The Award Jury composed of a Landscape Architect from each of the five IFLA regions, and the President of UIA (Union International of Architects) who served as a guest member of the Jury, agreed with the German Federation of Landscape Architects (BDLA), that "Peter Latz is one of the significant professionals who understood how to react to the increasingly complex challenges in landscape architecture and urban planning in the last few decades."
Peter Latz graduated from the Technical University of Munich in 1964. After four years of postgraduate research and studio work in urban planning at the RWTH Aachen, he founded his own practice in 1968 as an independent landscape architect and town planner in partnership with Anneliese Latz. In the same year he started his academic career as a lecturer at the Academy for Architecture in Maastricht. From 1973 - 83 he was a professor and chair of landscape architecture at the University Kassel and an active member of the "Research Group of Alternative Technologies" (AFA). In 1983 he became a professor and chair of landscape architecture and planning at the Technical University Munich (TUM). In spring 2009 the president of the TUM honoured his outstanding work as a researcher and teacher by bestowing the title "Emeritus of Excellence" on him, an honour which also means further active engagement in university projects.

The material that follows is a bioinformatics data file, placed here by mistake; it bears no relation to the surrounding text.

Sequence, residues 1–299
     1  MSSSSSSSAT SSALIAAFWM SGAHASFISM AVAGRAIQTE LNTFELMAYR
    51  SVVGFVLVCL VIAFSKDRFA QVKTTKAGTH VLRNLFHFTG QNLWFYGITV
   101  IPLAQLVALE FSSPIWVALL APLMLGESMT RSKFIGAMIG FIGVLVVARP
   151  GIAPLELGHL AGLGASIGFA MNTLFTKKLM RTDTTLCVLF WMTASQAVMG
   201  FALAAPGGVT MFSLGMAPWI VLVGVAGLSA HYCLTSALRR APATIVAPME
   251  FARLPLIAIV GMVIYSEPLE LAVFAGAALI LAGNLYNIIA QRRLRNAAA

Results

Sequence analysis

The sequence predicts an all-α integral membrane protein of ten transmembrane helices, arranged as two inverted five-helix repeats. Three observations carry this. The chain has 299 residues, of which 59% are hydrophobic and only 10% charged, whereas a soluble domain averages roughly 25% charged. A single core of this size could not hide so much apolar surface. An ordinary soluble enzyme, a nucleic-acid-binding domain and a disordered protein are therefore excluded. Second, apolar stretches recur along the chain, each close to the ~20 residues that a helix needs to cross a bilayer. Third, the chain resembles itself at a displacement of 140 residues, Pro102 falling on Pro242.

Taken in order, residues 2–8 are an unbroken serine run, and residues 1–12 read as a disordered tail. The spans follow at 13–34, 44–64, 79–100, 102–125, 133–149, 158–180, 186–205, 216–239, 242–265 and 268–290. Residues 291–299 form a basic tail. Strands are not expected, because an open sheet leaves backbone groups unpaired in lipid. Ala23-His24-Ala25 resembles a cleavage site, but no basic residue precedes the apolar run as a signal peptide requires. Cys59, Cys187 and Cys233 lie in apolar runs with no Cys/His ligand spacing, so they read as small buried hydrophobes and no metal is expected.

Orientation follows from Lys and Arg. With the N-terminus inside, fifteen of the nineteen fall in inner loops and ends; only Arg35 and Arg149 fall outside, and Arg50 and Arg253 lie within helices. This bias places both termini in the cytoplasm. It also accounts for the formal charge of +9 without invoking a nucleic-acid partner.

Peter Latz has been lecturing and teaching worldwide: at the Queensland University of Technology in Brisbane (2000), as a visiting professor at the GSD Harvard University (fall term 2001) and from 2001 until 2009 as an adjunct professor at the Graduate School of Design, University of Pennsylvania, as well as other places.
Since the beginning of his career in planning, teaching and research, a major concern for Peter Latz has been ecological urban renewal, which concentrates since the mid-eighties on post-industrial sites. The first project of this nature, which continues to be controversial, the Hafeninsel-Park Saarbrücken, was awarded the BDLA prize 1989.
Peter Latz gained a worldwide reputation with the project "Landscape Park Duisburg Nord," the metamorphosis of the former Thyssen ironworks into a people's park and a vivid part of the city, which was awarded, among others, the first European Prize for Landscape Architecture, Rosa Barba and the Grande Médaille d'Urbanisme.
Two current projects in Tel Aviv represent his methodical approach and his ability to develop new expressive forms of contemporary environmental design: The "Ariel Sharon Park", becoming at the same time a gigantic flood retention basin and a landscape park of nationwide significance, and the award - winning "Hiriya Landfill Rehabilitation."